Roughly, in Russian spheres of power, an Atlanticist — neoliberal — school, appeasing the Empire of Chaos, is pitted against the Eurasianists, who strive to be respected in the US as equals. The Empire of Chaos, by default, does not accept equals; one just needs to consult the Pentagon’s Full Spectrum Dominance doctrine.

The best and the brightest in Russia well know you can’t win when the staggering financial muscle of the Empire of Chaos — even mired in decadence — and its vassals is deployed against you. But that does not mean Moscow will cringe and resign itself to being “isolated,” as a much weaker Iran fought against its “isolation” for years.

Moscow holds nearly $500 billion in currency reserves. That and domestic capital can be used to strengthen the ruble and back investments in Russian industry. The door is open to diversifying the Russian economy away from a commodity exporter towards post-modern manufacturing, and on the way release myriad business opportunities for Russian SMEs (small and medium enterprises).

Ukrainian soldiers carry a coffin with the remains of a victim of the Malaysia Airlines flight MH17 crash to a military plane during a ceremony at the airport of Kharkiv, Ukraine, on July 23, 2014 (image by (AFP Photo / Genya Savilov))

Ukrainian soldiers carry a coffin with the remains of a victim of the Malaysia Airlines flight MH17 crash to a military plane during a ceremony at the airport of Kharkiv, Ukraine, on July 23, 2014
(image by (AFP Photo / Genya Savilov))

 

And now for the EU chapter

Enter a fragile Europe. Russia is the EU’s third-largest trading partner. Top economies such as Germany, France and Italy are vastly integrated with the Russian economy.

A key plank of Washington’s strategy is to de-link Europe from Russia, part of a much larger agenda of preventing by all means Eurasia’s trade/commercial/economic development integration. It all hinges on Germany.

That’s the key debate in Berlin nowadays. German business — and even conservative politicians — are reaching a stark conclusion; they do not want a heavily dysfunctional relationship with Russia. Public opinion, at 57 percent, wants a foreign policy more independent from the US. The US Orwellian/Panopticon complex intrusions in Germany have been instrumental as a game-changer.

American pressure on the EU regarding the MH17 tragedy has been relentless. Moscow presented hard evidence to the EU. Washington did not — and they won’t, because they don’t have it, apart from Facebook, Twitter and YouTube.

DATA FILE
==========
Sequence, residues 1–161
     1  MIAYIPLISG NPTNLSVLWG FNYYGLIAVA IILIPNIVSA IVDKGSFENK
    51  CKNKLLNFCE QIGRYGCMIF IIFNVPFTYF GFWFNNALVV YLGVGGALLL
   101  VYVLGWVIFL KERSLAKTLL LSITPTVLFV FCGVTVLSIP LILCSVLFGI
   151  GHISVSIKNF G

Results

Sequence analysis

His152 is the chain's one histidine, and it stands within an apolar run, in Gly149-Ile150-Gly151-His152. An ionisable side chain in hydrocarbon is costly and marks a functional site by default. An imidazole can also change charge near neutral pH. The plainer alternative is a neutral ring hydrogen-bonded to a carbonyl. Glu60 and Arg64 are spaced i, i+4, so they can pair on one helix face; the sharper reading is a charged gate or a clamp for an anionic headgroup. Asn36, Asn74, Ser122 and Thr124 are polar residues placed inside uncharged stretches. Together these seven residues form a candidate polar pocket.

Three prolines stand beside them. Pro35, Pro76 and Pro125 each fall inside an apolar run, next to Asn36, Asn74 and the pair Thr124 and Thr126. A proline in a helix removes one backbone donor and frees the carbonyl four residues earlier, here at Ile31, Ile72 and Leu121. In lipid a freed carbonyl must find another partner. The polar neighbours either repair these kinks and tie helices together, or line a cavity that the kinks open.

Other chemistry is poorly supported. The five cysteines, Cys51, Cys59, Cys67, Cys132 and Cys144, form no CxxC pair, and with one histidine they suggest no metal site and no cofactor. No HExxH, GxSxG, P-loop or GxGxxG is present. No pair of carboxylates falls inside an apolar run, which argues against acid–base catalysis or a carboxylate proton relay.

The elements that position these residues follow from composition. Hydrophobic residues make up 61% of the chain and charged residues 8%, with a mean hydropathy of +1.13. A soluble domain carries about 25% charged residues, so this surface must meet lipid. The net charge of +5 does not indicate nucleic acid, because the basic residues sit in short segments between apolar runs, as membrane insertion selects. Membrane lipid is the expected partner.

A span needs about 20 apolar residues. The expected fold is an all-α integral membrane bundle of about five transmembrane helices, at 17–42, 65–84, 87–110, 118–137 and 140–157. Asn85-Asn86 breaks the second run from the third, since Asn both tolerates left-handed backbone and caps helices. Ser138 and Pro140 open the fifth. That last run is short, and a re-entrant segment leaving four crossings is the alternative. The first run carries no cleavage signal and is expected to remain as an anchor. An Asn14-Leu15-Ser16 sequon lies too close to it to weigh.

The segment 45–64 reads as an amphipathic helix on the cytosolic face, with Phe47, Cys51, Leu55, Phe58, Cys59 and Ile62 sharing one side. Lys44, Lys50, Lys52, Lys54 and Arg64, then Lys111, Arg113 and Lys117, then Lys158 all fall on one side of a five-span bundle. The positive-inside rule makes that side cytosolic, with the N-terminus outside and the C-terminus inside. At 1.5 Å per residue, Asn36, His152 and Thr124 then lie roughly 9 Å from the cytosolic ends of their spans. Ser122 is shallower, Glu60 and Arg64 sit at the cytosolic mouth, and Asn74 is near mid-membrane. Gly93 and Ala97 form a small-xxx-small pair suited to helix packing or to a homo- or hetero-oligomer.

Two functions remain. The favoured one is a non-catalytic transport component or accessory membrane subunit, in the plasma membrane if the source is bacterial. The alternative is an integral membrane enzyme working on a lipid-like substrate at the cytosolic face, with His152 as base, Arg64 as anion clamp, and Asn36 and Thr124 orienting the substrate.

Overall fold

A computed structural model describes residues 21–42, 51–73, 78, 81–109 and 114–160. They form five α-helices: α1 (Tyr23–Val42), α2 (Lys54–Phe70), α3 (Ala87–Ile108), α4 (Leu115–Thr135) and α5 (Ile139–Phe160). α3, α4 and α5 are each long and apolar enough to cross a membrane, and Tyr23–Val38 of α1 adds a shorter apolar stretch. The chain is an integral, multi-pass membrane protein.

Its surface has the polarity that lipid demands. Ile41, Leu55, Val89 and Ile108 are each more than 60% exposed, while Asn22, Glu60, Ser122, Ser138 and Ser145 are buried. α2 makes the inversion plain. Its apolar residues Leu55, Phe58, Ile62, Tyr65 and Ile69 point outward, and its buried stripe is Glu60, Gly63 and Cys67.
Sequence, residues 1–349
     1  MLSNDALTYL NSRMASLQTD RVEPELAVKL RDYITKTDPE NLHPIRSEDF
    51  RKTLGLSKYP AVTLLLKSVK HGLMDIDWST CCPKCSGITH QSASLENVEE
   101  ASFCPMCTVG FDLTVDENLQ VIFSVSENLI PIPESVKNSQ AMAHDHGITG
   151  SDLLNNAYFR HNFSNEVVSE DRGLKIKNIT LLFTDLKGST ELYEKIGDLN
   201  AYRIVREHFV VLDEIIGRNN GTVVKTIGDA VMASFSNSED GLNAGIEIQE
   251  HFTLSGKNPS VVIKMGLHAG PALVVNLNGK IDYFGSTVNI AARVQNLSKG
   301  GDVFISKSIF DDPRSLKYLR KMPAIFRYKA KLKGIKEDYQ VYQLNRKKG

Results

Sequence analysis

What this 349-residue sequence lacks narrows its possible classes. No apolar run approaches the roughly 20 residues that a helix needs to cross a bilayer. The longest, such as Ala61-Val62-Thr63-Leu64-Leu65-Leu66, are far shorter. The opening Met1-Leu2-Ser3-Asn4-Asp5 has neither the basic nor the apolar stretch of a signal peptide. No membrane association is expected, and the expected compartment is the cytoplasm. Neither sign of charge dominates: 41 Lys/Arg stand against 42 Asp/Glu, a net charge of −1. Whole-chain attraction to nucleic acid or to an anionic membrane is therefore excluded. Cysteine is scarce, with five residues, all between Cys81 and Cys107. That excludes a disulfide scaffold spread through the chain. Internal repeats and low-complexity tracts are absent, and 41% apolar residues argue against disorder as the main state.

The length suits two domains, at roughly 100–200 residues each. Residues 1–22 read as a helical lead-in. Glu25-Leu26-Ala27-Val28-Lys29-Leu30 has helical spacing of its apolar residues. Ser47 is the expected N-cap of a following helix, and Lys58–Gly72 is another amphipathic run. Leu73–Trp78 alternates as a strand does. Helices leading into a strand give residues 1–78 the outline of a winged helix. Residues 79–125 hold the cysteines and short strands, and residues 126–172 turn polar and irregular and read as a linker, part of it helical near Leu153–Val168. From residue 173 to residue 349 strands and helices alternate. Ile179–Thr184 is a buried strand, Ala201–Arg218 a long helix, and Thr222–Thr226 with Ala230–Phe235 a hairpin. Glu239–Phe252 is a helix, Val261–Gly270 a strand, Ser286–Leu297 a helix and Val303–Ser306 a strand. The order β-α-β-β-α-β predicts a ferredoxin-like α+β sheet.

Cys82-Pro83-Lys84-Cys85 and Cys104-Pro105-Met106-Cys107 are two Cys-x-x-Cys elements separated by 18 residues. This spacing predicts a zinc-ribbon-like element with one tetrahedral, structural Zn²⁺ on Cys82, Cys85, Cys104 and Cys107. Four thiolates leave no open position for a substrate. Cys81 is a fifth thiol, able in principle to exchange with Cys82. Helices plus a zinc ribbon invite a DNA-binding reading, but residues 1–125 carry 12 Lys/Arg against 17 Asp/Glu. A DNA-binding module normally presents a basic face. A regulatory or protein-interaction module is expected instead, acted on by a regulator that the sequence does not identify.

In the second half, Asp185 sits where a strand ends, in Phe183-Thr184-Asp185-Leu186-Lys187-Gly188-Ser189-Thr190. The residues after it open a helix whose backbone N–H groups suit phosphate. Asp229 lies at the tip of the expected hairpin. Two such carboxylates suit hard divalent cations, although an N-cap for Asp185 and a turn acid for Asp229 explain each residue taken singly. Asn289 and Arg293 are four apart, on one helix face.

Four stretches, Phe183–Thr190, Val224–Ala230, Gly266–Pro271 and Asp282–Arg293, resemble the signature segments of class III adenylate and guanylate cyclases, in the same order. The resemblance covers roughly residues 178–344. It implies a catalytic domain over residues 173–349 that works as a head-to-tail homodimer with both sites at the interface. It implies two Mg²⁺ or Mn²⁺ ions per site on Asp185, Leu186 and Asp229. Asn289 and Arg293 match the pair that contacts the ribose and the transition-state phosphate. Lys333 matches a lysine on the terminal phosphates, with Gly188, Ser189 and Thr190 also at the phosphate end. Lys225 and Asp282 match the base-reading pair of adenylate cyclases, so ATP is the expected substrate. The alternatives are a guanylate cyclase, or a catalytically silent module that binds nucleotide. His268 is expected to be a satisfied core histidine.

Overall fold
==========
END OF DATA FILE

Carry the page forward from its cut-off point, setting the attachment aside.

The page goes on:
While Moscow has been insisting from the start on an unbiased, independent and international investigation, Washington has been ordering the EU to “ignore” and “not comment” on Moscow’s hard evidence. Even as German intel confirmed the wobbly American intel was “manipulated.”

Yet it’s hard to underestimate a hugely divided EU’s capacity to shoot itself in the back. Take the EU’s proposed sanctions on Gazprom’s South Stream gas pipeline under the Black Sea, which will eventually supply 15 percent of Europe’s demand — as well as a package of sanctions targeting access to capital markets, defense, dual use goods and sensitive technology (see the leaked non paper here).

Gazprom’s top partners in South Stream are Italy’s ENI, France’s EDF, Austria’s OMV and Germany’s Wintershall, a subsidiary of BASF. South Stream’s construction depends heavily on European know-how.

If the full sanction list is eventually enforced by the EU (and that includes restricting Russian access to piping, drilling pipes, floating or submersible drilling platforms, and floating cranes) that would delay for a long time Pipelinistan projects as well as the development in Europe of the liquefied natural gas (LNG) market. The EU needs South Stream much more than Russia — which can always sell more gas to Asia anyway.

(image by RIA Novosti / Ramil Sitdikov)

(image by RIA Novosti / Ramil Sitdikov)

BRICS over the wall

The real, no-holds-barred reason for the Empire of Chaos’s obsessive economic war on Russia is that Moscow, as a BRICS member, alongside especially China and Brazil, is at the leading edge of emerging powers challenging the global financial/political (dis)order — wallowing in the mire of casino capitalism — dictated by the Empire of Chaos.

And it gets “curiouser and curiouser,” because the effect of the sanctions hysteria has been to accumulate even more sympathy from the developing world towards Russia. The typical Washington rumbling about “the world” united to “isolate” Russia — in a replay of the Iran case — only applies to NATO.

I have closely followed the latest chapters in Eurasia integration, from the Russia-China gas “deal of the century” clinched in Shanghai to the St. Petersburg Economic Forum and then closer Eurasia-South America integration at the BRICS summit in Brazil, which created the New Development Bank and advanced the BRICS drive to develop their own parallel global institutions.

President Putin even proposed a BRICS energy coalition, complete with nuclear power agreements and its own “fuel reserve bank and an energy policy institute.” Moscow — as well as Beijing – is actively strengthening energy deals across South America, as in Rosatom signing with both Argentina and Brazil to build nuclear power plants.